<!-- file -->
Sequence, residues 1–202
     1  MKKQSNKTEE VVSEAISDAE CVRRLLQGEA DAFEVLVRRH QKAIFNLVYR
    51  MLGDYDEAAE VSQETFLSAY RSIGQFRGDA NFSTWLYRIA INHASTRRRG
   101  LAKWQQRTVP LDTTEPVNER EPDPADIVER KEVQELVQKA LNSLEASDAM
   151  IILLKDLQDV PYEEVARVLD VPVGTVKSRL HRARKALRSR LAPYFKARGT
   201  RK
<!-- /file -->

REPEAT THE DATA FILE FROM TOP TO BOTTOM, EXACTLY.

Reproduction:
Sequence, residues 1–202
     1  MKKQSNKTEE VVSEAISDAE CVRRLLQGEA DAFEVLVRRH QKAIFNLVYR
    51  MLGDYDEAAE VSQETFLSAY RSIGQFRGDA NFSTWLYRIA INHASTRRRG
   101  LAKWQQRTVP LDTTEPVNER EPDPADIVER KEVQELVQKA LNSLEASDAM
   151  IILLKDLQDV PYEEVARVLD VPVGTVKSRL HRARKALRSR LAPYFKARGT
   201  RK